University of Leicester
2015Horvath-PappEPhD.pdf (3.98 MB)

Analysis of the fitness cost of integrons in clinical isolates of acinetobacter baumannii

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posted on 2015-05-12, 08:54 authored by Eva Horvath-Papp
Antibiotic resistance determinants carried on mobile genetic elements such as integrons are widespread in Acinetobacter baumannii. A total of 76 clinical isolates of A. baumannii were screened for class 1, 2 and 3 integron structures using PCR-based assays. Further chromosome walking and Southern blot-based analyses revealed a significant proportion of incomplete integrons, primarily due to IS element-mediated deletions or truncations at the 5’ end of these integrons. Based on these multiple detection methods, a total of 72 integron structures distributed among 58 isolates were identified. Remarkably, 29 (40.3 %) were either incomplete, or had a truncated integrase gene. These data also revealed that using established PCR-based detection methods alone would yield high rates of false-negative and –positive results. The high frequencies of intI1 and/or 5’ end integron truncations suggest that IntI1 amelioration confers a significant selective advantage. This hypothesis was investigated in E. coli and A. baumannii backgrounds using an IPTG-inducible IntI1-expressing plasmid. Significant fitness costs were observed through growth curve analysis when IntI1 was overexpressed in recA-deficient E. coli lab strains, and also in an A. baumannii strain. The latter was predicted to have a ~1.5-fold higher number of non-canonical IntI1 recombination sites in a typical E. coli strain. The archetypal intI1 repressor, LexA, is not present in the A. baumannii genome, so the role of the closest homologue, ∆UmuDAb, was investigated through knockout studies. ΔumuDAb mutants were created through allelic exchange, and although the mutants showed a significant upregulation of intI1 expression, when the mutants were complemented with a umuDAb-overexpressing plasmid, intI1 expression was also increased, albeit to a lesser extent. This study demonstrates a complex DNA-damage response in A. baumannii, and will aid further investigation for a full understanding of the development and maintenance of antibiotic resistance in this important nosocomial pathogen.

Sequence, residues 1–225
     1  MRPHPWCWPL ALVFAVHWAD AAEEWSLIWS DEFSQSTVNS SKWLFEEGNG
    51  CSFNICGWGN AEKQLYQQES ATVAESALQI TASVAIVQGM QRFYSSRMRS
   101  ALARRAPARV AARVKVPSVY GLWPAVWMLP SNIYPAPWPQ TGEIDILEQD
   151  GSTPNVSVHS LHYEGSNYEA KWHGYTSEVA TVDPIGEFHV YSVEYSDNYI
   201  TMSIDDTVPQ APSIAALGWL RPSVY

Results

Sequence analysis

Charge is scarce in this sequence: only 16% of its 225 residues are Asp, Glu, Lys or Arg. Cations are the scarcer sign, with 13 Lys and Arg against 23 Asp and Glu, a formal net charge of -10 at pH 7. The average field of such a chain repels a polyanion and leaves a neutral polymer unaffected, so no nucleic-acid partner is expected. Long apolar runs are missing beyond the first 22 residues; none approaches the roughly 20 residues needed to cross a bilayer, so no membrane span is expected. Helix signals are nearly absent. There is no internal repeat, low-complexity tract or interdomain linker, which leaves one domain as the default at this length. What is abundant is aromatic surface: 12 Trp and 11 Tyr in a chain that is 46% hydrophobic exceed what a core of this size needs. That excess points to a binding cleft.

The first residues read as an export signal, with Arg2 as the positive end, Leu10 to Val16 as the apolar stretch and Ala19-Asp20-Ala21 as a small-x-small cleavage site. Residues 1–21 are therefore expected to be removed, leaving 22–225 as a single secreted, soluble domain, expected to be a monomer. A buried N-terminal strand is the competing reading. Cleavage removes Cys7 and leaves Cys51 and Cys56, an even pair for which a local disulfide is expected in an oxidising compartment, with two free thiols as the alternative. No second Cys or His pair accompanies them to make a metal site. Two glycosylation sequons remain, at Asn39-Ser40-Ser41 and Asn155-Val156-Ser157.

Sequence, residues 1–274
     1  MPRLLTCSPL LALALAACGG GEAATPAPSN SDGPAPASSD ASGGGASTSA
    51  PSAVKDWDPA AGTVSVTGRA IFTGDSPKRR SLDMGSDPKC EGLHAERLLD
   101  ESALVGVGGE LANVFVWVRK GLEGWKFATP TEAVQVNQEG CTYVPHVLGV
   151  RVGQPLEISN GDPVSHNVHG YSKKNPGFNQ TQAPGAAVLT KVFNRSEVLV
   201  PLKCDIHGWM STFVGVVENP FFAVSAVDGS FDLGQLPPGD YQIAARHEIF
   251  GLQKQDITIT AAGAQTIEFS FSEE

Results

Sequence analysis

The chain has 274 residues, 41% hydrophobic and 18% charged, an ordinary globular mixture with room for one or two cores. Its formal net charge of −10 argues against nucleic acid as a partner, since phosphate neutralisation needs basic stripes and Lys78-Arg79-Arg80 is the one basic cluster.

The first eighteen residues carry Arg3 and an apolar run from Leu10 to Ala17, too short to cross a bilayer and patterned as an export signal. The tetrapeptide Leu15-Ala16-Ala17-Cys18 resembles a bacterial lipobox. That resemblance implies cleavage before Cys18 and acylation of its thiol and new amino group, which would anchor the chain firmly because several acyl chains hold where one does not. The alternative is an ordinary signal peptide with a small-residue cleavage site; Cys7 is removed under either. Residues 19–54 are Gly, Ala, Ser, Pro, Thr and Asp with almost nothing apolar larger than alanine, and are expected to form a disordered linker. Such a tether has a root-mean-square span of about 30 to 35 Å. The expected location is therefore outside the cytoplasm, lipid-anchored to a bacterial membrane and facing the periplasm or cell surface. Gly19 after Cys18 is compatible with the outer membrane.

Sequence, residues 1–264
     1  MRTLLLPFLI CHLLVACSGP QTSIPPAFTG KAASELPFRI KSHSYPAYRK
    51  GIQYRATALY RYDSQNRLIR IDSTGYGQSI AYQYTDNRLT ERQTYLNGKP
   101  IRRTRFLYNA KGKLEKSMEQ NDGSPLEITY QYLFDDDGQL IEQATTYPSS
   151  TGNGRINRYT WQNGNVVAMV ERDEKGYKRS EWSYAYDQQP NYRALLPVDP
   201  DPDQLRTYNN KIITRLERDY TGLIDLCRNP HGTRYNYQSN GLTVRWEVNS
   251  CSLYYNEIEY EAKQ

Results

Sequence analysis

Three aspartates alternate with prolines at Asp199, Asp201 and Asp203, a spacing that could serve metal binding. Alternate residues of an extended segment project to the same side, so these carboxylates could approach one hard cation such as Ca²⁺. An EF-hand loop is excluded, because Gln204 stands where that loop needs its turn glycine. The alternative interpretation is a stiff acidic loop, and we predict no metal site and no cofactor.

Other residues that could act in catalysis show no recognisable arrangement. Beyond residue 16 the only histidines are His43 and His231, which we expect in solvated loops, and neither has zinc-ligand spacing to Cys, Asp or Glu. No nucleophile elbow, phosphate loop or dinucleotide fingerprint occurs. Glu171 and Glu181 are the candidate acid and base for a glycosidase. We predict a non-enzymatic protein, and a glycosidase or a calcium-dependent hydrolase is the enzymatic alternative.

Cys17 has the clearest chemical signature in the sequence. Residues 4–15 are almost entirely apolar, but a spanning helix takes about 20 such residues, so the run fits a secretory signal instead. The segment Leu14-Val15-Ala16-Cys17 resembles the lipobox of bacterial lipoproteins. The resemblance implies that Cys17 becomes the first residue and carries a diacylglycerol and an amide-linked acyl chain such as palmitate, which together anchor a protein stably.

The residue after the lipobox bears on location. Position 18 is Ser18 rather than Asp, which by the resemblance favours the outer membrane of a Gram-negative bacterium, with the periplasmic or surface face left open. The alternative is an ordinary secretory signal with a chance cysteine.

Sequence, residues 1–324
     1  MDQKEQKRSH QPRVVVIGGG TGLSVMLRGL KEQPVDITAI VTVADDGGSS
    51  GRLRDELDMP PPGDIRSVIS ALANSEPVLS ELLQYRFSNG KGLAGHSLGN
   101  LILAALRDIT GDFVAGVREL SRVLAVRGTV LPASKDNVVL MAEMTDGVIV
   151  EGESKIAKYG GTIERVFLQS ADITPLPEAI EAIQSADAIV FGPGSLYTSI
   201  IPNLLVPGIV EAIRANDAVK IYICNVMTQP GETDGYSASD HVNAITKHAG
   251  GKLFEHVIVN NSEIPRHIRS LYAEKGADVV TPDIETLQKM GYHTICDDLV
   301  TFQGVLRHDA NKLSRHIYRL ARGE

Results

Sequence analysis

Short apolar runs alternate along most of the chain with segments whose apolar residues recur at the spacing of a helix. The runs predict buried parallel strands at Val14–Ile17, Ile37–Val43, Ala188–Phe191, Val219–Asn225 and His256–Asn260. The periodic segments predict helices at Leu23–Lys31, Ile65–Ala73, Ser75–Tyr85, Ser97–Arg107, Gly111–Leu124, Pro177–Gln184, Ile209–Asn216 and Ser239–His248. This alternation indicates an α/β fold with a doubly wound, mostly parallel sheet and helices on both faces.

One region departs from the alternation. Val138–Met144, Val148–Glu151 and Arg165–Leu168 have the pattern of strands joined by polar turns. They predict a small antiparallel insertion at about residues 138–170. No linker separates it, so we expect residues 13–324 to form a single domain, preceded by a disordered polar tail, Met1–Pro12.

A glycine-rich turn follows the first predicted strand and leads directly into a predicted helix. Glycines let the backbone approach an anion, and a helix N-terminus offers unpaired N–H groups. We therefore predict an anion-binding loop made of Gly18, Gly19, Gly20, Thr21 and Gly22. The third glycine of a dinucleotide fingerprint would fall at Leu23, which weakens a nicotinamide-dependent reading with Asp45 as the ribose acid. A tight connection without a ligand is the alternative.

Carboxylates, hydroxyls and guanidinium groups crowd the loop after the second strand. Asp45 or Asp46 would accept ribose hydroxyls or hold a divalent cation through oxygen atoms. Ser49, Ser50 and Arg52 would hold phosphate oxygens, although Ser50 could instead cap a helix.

Rajakumar, Kumar

Date of award


Author affiliation

Department of Infection, Immunity and Inflammation

Awarding institution

University of Leicester

Qualification level

  • Doctoral

Qualification name

  • PhD



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